“Remember freshman year when we took Victorian England?”
It’s a rainy Saturday afternoon, which means we’re sitting in our living room attempting to do homework, instead of hiking Old Rag like we had excitedly planned earlier in the week. But (naturally) as the morning fades into afternoon, the motivation wanes, and we find ourselves distracted by time hop, old assignments and old letters that surfaced many of the memories we’ve made over the past three years.
Three years ago, I had just moved into Shenandoah A405. Everything was new. New classes, new professors, new city, new living arrangements, new schedule, new hobbies, and more importantly, new friends. Before I moved to JMU, I’d heard that the friends I made that first weekend would probably be with me for the rest of my time in college, but I wasn’t sure how that was possible, and honestly, I wasn’t super excited about making new friends. I had great friends back home; why did I need more?
Three years later, I’m smiling to myself as I reflect on freshman year because those friends I met that first week are now my best friends at school and many of the closest friends I have. In fact, most of us live together in an old house not far from campus (and yes, all ten of us fit quite nicely, but you wouldn’t know that from the outside; hence the name: Little Big House).
Three years of laughing, crying, learning, adventuring, sharing, growing. Three years of inside jokes and memories that will forever bring smiles to our faces. Three years of learning more about what friendship really is and who true friends are.
Each day, I’m reminded that true friends are the ones who are there when it all falls apart. When the dreams crumble, disaster strikes, thoughts overwhelm, conflict arises, or it’s just been a rough day. They are there to pick you up, to comfort, to encourage, to listen and to solve the world’s problems in a matter of minutes.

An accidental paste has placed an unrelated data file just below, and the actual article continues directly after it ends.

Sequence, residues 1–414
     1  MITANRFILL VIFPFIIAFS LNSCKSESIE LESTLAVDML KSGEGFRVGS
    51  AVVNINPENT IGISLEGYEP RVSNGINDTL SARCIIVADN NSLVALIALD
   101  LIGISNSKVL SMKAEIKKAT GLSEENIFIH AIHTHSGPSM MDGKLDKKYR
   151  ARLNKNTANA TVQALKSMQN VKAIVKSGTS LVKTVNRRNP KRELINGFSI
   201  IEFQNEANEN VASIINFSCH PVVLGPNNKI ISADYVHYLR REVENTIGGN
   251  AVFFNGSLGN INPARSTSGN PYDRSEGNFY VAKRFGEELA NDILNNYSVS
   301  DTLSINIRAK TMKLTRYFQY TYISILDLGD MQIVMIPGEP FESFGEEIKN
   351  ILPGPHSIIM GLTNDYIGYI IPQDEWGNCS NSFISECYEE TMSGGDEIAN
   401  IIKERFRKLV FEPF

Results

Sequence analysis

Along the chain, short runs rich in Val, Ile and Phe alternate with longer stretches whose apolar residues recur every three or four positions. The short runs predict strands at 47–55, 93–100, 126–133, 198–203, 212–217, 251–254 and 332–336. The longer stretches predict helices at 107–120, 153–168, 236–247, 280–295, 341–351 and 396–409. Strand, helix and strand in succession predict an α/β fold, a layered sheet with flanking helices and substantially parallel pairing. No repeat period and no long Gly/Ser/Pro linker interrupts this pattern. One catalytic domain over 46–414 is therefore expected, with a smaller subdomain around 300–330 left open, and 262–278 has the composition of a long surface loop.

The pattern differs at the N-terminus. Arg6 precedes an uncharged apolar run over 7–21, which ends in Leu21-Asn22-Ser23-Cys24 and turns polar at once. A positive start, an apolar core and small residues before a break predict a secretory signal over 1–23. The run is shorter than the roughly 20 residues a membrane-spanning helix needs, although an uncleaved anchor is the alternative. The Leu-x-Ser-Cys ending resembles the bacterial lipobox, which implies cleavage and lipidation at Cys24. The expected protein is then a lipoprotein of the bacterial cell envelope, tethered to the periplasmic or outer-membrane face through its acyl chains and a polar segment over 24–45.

True friendship is reciprocal. And that’s taken me a while to learn. It’s not about always being the strong one. It’s not about being the one who has it all together and all of the pride that comes with that mindset. It’s about letting people in. It’s about learning to receive back what you give to others. It’s about realizing there are people who love you and care about you just as much as you love and care about them. It’s about doing life together, when it’s good and when it’s hard. I think I’m finally getting it. Or starting to anyway.
The words of Bill Withers have started to finally sink, as I gain more appreciation for this thing called friendship and the wonderful friends I have. And not only my wonderful friends in Harrisonburg, but also all over the state, the country and the world. I have a lot to be thankful for.
“Sometimes in our lives we all have pain
We all have sorrow
But if we are wise
We know that there’s always tomorrow
Lean on me, when you’re not strong
And I’ll be your friend
I’ll help you carry on
For it won’t be long
‘Til I’m gonna need
Somebody to lean on
Please swallow your pride
If I have faith you need to borrow
For no one can fill those of your needs
That you won’t let show.” –Lean on Me by Bill Withers